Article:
12. It is clear from the petitioner's own allegations that he does not satisfy any of. .the three conditions mentioned in Article 5. Admittedly neither he nor his parents was born in the territory of India-It is also not established that he had been ordinarily a resident of India for not less than five years immediately preceding the 26th of January 1950. The averments made in the petition are that he. his father and the rest of the family settled down in Calcutta in 1946 and staved there till 1971. It is surprising that not a shred of evidence has been filed by the petitioner to prove his stay in this country during the period 1946 to 26th January, 1950. Had it been a fact that hp staved in Calcutta in those years it would have been quite easy for him to adduce incontestable evidence to prove that fact- The only document filed by him is an identity form for members of Pakhtoon Jirga-e-Hind (Annexure A of rejoinder affidavit) wherein his nationality is described as Pakhtoon and the date of his arrival in India is mentioned as since 1946. That is obviously, the petitioner's own admission in his favour and no importance can be attached to it. It would have been quite easy for him to give a wrong date with ulterior motive on-the 1st January, 1966 when he got himself enrolled as a member of that organisation. In the absence of any other corroborative evidence we cannot rely on this. It is thus| clear that the petitioner does not satisfy the ingredients of Article 5 of the Constitution and was not a citizen of India at the commencement of the Constitution. He does not claim to have acquired Indian Citizenship in any other manner. It therefore follows that he is a 'foreigner' and paragraph 3 of the Order makes the provisions of Chapter 2 of the Foreigners. Act applicable to him. It may be noted that the Civil Authority has filed an affidavit stating that paragraph 8 of the Foreigners (Internment) Order was mentioned by inadvertent mistake in the order of detention and that the petitioner was detained only under the provisions of paragraph 5 of the Internment Order.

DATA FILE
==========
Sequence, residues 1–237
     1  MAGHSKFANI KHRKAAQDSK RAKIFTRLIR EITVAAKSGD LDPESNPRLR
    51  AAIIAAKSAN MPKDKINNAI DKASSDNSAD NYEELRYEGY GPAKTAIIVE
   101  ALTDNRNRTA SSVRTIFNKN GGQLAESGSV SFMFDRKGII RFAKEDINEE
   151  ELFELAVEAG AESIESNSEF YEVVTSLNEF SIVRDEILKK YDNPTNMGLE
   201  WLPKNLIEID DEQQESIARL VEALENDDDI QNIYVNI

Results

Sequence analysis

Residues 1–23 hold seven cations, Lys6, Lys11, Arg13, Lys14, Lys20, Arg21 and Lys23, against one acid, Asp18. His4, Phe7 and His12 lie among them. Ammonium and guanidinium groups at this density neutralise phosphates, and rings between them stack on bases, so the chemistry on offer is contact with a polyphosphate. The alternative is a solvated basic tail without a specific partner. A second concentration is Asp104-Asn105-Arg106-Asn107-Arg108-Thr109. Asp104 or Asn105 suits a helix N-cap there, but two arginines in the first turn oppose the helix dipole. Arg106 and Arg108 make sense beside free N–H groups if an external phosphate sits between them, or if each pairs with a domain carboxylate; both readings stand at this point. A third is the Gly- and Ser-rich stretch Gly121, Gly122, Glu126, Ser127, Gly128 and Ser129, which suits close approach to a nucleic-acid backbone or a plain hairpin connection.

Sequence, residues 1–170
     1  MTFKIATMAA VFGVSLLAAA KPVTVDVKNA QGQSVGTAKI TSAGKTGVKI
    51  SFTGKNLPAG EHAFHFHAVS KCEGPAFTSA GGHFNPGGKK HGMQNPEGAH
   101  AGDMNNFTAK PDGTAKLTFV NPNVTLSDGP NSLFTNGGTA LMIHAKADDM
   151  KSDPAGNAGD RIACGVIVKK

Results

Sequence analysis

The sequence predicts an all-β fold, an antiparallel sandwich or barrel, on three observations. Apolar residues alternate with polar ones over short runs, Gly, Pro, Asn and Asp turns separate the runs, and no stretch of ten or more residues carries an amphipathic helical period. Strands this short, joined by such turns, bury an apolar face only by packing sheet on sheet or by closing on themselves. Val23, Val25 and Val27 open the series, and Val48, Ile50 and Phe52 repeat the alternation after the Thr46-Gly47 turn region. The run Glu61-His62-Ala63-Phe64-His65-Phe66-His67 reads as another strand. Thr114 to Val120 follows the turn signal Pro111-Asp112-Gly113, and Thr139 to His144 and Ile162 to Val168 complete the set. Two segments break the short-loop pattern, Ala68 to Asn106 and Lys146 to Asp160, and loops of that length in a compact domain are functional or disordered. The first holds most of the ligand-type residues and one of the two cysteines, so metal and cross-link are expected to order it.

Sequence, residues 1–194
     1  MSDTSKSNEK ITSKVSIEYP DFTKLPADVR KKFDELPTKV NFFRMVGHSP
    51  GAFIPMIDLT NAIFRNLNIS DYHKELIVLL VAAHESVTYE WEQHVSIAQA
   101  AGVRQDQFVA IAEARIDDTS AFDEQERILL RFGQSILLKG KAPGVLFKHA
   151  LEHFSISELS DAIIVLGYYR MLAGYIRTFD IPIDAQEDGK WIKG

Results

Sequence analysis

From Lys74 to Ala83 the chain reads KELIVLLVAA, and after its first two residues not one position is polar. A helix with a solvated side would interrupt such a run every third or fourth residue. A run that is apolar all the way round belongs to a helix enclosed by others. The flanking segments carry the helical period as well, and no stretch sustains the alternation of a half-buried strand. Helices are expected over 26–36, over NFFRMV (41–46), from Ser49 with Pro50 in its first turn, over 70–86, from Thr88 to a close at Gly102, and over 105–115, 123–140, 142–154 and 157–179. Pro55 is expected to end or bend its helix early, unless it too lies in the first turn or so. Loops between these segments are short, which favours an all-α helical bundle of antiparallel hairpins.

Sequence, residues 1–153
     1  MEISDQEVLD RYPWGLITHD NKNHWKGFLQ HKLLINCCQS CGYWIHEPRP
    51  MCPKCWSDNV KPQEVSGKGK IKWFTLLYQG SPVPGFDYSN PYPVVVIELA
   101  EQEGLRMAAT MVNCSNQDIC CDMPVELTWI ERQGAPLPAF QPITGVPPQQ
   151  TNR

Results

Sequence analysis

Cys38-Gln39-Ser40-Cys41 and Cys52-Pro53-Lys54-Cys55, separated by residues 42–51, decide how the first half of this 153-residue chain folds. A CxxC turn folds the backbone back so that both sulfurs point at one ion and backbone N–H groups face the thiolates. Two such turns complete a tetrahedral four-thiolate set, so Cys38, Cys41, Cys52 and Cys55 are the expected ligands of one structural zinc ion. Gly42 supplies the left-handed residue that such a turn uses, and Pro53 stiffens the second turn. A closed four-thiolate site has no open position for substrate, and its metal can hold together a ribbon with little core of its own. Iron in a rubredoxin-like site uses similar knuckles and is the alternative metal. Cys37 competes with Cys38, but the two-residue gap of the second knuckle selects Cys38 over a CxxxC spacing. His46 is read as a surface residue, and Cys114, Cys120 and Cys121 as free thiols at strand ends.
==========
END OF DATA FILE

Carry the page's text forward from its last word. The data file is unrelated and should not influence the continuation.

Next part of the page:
13. The learned Counsel for the-petitioner raised the plea that in order to attract the provisions of the Internment Order it was not enough that the petitioner1 should be a mere foreigner. He must also satisfy the other conditions pertaining to a foreigner as contemplated by paragraph 3. In other words he must be a person who or either of whose parents or any of whose grandparents was at any time a citizen or subject of any country at war with or committing external aggression-against India or of any other country assisting the country at war with or committing such aggression against India. Since there was nothing on record to prove-that the petitioner answered the above-description he could not be deemed to be the kind of foreigner against whom action could be taken under paragraph 3 of the Order, In our opinion this argument suffers from a fallacy. The use of the words 'other' preceding 'foreigner' is significant. This indicates that the word 'foreigner' in paragraph 3 is used in a comprehensive sense and also includes a national of Pakistan and may be distinguished from other species of foreigners. On a correct construction of paragraph 3 it appears that the other conditions enumerated therein, namely that he or his Parents etc. being at war with India etc- govern only the other foreigners and not that class of foreigners which is comprised of Pakistani nationals alone. Bearing in mind the wide amplitude in which the term 'foreigner has been used in paragraph 3 it seems that any national of Pakistan is 'ipso facto' a 'foreigner' for the purposes of the Order and the other conditions to which we have adverted need not be satisfied. It is only when a foreigner other than a national of Pakistan is .being examined that it becomes necessary for him to fulfil the requirements of his or his parents etc. being at war with India. A national of Pakistan is a foreigner simpliciter, if one may use that expression and the latter part of paragraph 3 does not govern the said foreigner. Therefore, if the Petitioner was a national of Pakistan he came within the ambit of the Order and no other condition was required to be established against him before he could be arrested under paragraph 5-